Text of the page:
kraken2 unclassified output does not work with paired reads?
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Entering edit mode
4 months ago
DNAngel ▴ 210

Hi all,

Just wondering if anyone else ran into this issue (or if it is an issue at all). Kraken2 allows users to obtain their classified or unclassified reads separately using either ---classified-out or --unclassified-out, respectively.

Now, when using --classified-out with paired-end data (i.e. using --paired and then calling R1 and R2 files), I get my output as one file. However, this does not work with --unclassified-out and I do not know why that is the case. I get an unclassified file for each read sample (so a sample1.unclassified_1.out and a sample1.unclassified_2.out to correspond to R1 and R2 respectively).

Is there a way to modify my code (below) so I can just get one combined unclassified output. That way, when I blast the reads I won't be blasting the same thing twice.

My code:

for R1 in ${INPUTS} # inputs being the directory with my reads
do
      PREFIX=${R1%%_unmapped*}
      R2="${PREFIX}_unmapped_R2.fastq"
      kraken2 --threads 32 --db $DB --paired $R1 $R2 --unclassified-out ${PREFIX}.unclassified#.fastq
done

Thank you!

Kraken2 • 590 views
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Entering edit mode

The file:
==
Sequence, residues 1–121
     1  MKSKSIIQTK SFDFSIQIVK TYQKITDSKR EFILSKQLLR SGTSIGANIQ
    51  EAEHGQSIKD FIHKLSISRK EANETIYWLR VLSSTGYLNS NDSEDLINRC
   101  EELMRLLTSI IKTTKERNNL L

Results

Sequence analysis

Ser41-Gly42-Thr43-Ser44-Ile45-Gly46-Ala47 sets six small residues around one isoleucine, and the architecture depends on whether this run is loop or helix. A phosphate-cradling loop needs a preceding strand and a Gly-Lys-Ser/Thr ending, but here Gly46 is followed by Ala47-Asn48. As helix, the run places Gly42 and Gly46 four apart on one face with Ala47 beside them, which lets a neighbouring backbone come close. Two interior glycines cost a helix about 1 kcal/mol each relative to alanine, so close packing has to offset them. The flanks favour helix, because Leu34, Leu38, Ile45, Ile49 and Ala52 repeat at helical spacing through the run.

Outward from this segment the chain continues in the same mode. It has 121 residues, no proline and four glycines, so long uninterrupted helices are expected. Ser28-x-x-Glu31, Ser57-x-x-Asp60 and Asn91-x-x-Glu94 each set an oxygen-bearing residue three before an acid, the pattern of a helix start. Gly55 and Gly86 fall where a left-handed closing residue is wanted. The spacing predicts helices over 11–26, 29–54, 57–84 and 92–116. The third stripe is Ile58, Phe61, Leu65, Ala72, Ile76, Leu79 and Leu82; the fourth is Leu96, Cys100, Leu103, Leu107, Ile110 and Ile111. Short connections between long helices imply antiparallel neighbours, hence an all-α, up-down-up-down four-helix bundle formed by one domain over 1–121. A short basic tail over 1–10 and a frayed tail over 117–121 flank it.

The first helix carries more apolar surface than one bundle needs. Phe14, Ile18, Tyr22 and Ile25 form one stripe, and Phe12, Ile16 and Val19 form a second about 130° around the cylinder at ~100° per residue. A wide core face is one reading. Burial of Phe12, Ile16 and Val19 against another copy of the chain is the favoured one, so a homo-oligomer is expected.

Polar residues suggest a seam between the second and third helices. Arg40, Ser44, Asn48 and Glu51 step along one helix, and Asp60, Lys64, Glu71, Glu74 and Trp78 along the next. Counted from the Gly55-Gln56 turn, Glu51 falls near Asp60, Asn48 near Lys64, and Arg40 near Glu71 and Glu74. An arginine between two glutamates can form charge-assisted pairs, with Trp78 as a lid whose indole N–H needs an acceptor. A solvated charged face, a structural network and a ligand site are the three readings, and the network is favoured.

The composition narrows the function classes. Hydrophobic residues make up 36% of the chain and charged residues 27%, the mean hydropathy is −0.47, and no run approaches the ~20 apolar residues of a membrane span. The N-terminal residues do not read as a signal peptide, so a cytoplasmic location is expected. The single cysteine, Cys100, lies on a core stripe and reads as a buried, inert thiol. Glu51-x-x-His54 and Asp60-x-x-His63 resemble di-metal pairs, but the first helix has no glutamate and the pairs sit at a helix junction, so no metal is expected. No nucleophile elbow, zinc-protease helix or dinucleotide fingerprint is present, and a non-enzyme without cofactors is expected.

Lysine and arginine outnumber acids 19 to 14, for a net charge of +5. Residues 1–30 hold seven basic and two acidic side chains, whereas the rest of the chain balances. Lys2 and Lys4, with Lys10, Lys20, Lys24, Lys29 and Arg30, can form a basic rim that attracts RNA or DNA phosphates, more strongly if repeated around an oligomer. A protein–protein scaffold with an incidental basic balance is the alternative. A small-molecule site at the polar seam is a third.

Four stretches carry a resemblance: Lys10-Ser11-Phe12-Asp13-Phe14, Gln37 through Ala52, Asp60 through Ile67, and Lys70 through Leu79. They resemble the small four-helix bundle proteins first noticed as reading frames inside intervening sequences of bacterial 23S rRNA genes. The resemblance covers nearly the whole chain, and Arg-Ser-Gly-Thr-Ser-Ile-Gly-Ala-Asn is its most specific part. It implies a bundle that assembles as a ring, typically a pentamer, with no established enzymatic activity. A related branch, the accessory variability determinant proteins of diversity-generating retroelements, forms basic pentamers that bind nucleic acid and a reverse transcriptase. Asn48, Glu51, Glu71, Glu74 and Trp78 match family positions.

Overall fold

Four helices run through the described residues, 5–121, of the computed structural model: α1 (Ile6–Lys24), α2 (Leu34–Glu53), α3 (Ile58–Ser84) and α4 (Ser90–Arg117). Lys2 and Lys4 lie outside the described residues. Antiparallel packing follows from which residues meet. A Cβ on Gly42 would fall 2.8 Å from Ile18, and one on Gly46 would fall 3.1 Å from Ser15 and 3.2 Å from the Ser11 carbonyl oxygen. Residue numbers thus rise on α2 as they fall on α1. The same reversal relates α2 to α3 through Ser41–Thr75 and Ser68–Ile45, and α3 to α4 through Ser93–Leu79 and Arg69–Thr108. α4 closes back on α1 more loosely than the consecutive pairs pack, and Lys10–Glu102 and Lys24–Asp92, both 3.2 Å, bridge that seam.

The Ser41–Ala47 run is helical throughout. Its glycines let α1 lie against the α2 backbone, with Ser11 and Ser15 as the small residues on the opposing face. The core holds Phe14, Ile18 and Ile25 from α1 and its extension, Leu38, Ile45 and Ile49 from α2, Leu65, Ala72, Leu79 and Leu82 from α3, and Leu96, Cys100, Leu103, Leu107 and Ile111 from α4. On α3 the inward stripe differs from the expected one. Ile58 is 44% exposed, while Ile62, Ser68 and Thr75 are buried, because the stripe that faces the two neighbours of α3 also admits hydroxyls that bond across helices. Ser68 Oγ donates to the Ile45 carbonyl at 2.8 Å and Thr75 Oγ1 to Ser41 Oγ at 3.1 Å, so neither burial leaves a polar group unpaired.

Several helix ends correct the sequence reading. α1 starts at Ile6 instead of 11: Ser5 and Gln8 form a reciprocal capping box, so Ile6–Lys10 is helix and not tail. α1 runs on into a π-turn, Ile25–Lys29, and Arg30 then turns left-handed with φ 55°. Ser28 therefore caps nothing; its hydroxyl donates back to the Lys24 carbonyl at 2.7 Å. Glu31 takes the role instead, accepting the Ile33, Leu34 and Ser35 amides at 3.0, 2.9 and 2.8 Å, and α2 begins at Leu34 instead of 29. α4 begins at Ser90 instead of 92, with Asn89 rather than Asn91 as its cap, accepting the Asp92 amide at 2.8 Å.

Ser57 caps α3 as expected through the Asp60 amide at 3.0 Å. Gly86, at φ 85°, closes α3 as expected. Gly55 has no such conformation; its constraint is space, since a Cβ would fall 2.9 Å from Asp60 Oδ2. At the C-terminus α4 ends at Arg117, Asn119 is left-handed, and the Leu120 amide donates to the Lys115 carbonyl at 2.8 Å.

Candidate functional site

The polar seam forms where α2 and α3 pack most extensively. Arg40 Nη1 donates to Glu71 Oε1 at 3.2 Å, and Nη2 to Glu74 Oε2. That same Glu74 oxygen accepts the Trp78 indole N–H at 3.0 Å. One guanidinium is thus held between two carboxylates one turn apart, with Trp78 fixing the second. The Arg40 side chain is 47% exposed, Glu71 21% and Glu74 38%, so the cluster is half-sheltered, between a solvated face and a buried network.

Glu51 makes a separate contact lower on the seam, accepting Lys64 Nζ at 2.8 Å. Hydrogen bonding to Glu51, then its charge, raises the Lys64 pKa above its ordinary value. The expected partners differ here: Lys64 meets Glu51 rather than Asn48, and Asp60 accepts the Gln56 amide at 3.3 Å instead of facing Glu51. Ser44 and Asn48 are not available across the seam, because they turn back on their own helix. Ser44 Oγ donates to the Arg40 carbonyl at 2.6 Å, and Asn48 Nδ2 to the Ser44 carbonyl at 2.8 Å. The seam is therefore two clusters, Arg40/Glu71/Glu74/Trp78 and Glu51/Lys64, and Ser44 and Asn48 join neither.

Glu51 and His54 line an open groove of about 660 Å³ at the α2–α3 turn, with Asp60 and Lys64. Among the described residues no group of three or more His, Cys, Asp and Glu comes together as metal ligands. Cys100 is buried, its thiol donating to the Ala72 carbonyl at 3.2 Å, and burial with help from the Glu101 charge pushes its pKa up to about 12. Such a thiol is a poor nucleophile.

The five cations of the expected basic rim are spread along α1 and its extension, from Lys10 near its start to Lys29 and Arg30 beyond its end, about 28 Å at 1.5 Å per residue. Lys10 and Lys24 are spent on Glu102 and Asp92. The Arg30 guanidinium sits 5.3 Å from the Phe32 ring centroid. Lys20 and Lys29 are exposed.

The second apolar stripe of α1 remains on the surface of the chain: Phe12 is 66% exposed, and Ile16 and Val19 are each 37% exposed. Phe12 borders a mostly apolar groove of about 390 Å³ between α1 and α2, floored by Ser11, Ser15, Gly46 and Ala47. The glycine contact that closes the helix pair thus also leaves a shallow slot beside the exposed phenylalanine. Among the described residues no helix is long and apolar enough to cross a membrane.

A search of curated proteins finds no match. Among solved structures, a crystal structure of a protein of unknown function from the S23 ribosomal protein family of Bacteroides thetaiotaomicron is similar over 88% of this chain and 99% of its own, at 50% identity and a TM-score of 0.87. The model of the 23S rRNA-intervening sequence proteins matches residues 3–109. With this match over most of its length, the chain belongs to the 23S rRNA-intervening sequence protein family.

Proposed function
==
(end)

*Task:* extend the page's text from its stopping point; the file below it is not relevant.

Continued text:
4 months ago

Are you sure you get your classified outs in a single file? The manual states:

Usage of --paired also affects the --classified-out and --unclassified-out options; users should provide a # character in the filenames provided to those options, which will be replaced by kraken2 with "_1" and "_2" with mates spread across the two files appropriately. For example:

  kraken2 --paired --classified-out cseqs#.fq seqs_1.fq seqs_2.fq

will put the first reads from classified pairs in cseqs_1.fq, and the second reads from those pairs in cseqs_2.fq.

Then I am unsure why you want them merged in one file - it usually not what we want.

The sequences in the two pairs are usually different, so you would never be blasting the same thing twice.

If you want to combine the two files, concatenate them.

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Hmm, I think I made an error then when using --classified-out I don't think I used the "#" classifier in the output files. So yes they should have produced two files. I just thought it was pointless blasting R1 and R2 reads as I can see they are giving me the same output for the same read pair..

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most of the time R1 and R2 should classify/align the same way, the more interesting/concerning cases are those when the two reads align to different organisms

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